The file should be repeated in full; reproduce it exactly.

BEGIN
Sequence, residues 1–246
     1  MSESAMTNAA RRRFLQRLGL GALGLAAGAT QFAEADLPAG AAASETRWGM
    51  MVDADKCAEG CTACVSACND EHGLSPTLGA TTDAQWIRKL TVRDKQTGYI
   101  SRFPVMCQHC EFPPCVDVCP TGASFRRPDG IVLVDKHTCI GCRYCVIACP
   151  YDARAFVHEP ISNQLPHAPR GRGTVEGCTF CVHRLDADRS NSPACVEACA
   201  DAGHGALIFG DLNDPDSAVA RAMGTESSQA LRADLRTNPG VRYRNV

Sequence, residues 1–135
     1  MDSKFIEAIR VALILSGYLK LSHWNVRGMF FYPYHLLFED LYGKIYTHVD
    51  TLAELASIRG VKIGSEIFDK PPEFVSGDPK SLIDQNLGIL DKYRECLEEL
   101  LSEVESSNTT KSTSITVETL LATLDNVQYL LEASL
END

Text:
Sequence, residues 1–246
     1  MSESAMTNAA RRRFLQRLGL GALGLAAGAT QFAEADLPAG AAASETRWGM
    51  MVDADKCAEG CTACVSACND EHGLSPTLGA TTDAQWIRKL TVRDKQTGYI
   101  SRFPVMCQHC EFPPCVDVCP TGASFRRPDG IVLVDKHTCI GCRYCVIACP
   151  YDARAFVHEP ISNQLPHAPR GRGTVEGCTF CVHRLDADRS NSPACVEACA
   201  DAGHGALIFG DLNDPDSAVA RAMGTESSQA LRADLRTNPG VRYRNV

Sequence, residues 1–135
     1  MDSKFIEAIR VALILSGYLK LSHWNVRGMF FYPYHLLFED LYGKIYTHVD
    51  TLAELASIRG VKIGSEIFDK PPEFVSGDPK SLIDQNLGIL DKYRECLEEL
   101  LSEVESSNTT KSTSITVETL LATLDNVQYL LEASL